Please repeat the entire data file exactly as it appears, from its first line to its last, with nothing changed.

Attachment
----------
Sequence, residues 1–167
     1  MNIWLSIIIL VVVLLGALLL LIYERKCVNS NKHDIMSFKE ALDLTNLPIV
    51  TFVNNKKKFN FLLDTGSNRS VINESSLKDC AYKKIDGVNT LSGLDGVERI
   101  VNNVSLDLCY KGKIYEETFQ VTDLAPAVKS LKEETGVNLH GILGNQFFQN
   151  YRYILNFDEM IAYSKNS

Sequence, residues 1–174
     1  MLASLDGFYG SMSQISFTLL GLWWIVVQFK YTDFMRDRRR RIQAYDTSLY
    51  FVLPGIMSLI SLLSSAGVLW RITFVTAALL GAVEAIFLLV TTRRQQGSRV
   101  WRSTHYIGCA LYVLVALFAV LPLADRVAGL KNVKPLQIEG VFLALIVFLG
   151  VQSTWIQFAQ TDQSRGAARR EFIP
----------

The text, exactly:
Sequence, residues 1–167
     1  MNIWLSIIIL VVVLLGALLL LIYERKCVNS NKHDIMSFKE ALDLTNLPIV
    51  TFVNNKKKFN FLLDTGSNRS VINESSLKDC AYKKIDGVNT LSGLDGVERI
   101  VNNVSLDLCY KGKIYEETFQ VTDLAPAVKS LKEETGVNLH GILGNQFFQN
   151  YRYILNFDEM IAYSKNS

Sequence, residues 1–174
     1  MLASLDGFYG SMSQISFTLL GLWWIVVQFK YTDFMRDRRR RIQAYDTSLY
    51  FVLPGIMSLI SLLSSAGVLW RITFVTAALL GAVEAIFLLV TTRRQQGSRV
   101  WRSTHYIGCA LYVLVALFAV LPLADRVAGL KNVKPLQIEG VFLALIVFLG
   151  VQSTWIQFAQ TDQSRGAARR EFIP